Onslaught - _Killing Peace_
(Candlelight Records, 2007)
by: Jeremy Ulrey (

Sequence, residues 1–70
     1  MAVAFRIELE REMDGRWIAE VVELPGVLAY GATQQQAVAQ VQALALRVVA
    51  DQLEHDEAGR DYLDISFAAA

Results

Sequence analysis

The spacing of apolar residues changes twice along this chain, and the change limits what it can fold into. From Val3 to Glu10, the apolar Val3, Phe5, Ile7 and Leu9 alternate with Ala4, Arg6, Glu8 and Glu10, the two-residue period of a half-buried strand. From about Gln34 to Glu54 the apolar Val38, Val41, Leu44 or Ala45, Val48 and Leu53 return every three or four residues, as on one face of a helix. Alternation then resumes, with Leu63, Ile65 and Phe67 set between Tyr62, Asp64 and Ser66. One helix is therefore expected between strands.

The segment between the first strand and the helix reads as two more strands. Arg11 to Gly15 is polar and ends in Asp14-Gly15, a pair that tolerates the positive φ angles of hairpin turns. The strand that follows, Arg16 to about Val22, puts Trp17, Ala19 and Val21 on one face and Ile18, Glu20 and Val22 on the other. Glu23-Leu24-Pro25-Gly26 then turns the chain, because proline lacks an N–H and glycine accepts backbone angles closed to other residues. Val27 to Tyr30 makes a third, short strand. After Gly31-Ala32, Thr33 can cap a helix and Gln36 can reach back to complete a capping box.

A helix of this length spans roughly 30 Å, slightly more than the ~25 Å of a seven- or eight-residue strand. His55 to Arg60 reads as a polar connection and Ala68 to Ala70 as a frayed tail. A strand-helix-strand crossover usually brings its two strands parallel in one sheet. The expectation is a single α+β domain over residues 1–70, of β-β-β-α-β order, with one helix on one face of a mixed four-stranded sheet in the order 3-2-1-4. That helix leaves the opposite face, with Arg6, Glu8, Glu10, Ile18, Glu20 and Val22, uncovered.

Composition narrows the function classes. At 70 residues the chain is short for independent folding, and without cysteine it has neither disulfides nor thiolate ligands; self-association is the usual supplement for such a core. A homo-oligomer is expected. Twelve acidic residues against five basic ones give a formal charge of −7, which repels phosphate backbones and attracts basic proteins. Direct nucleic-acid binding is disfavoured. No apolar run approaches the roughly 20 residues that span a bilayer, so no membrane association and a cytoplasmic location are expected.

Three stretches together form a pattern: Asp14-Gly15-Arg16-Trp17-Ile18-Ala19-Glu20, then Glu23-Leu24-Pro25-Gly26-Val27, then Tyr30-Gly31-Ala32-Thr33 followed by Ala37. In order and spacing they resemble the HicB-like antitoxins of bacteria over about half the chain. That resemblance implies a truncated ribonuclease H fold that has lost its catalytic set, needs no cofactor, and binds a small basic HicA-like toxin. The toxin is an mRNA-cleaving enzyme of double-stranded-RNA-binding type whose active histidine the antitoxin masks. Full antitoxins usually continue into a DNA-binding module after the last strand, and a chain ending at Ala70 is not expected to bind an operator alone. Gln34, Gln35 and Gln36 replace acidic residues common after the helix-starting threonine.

It's all too easy to harp on a band for returning to action after a fifteen-year bout of woolgathering with not one new trick in their book, not a single (even cursory) attempt to update their sound or capture at least a fraction of that contemporary zeitgeist. Easy, that is, until one starts to count on however many fingers it may require the number of bands that have successfully made the transition without falling flat on their face. In most such cases the majority of band members haven't even been in the same room together over the interim, let alone turned loose mutually supportive riffs and drum fills in artistic unison. Point is, you're pretty much lucky if they're still able to reach into their grabbag of old tricks and pull out a non-fucking-travesty.Onslaught -- reformed with classic line-up more or less intact, with Sy Keeler's Mirror Mirror bandmate Alan Jordan subbing for Rob Trotman -- are mining the old thrash rut for all it's worth, relying on energy and song craft, stubbornly refusing to get sidetracked into whatever genre neologisms have been coined in their absence. Well, bands in general don't take much of a shining to comparisons with other artists, but the analogies to recent Overkill material are simply too overwhelming to let slide. Not only do Sy's vocals come off as a slightly less raspy Bobby Ellsworth (see the 2:03 mark of "Destroyer of Worlds" for a particularly egregious example), but Steve Grice's double bass rolls could have been lifted wholesale off _Bloodletting_ or _From the Underground and Below_.Helping matters not one iota is the unfortunate choice to stack _Killing Peace_ with the least adventurous songs up front (lead track "Burn" prominently features the lyrical snippet "ashes to ashes, dust to dust" for about the 6,845th time in metal history). Truly the album never really rises above the level of workmanlike respectability, but there's little question the stretched-out, frenetic riffage of "Twisted Jesus" and the roiling melodic dirge "A Prayer for the Dead" are more compelling tunes than the aforementioned "Burn" (an inexcusable re-introduction if there ever was one) and the so-Overkill-it-hurts title track. Sure, one can be accused of lazy journalism for reducing a band to one solitary influence, but quite frankly the transposition between Onslaught and Overkill is so immediate and comprehensive that it would be a disservice to the inquiring fan to suggest otherwise. It's great that these indisputably iconic thrashers have regrouped without selling out or cashing in, but next time a little more breadth would certainly be welcome.P.S.: In addition to a great, well-balanced bio, the band's official site has the original three albums available on CD for mail order. These should be considered mandatory pre-requisites in any metal collection.
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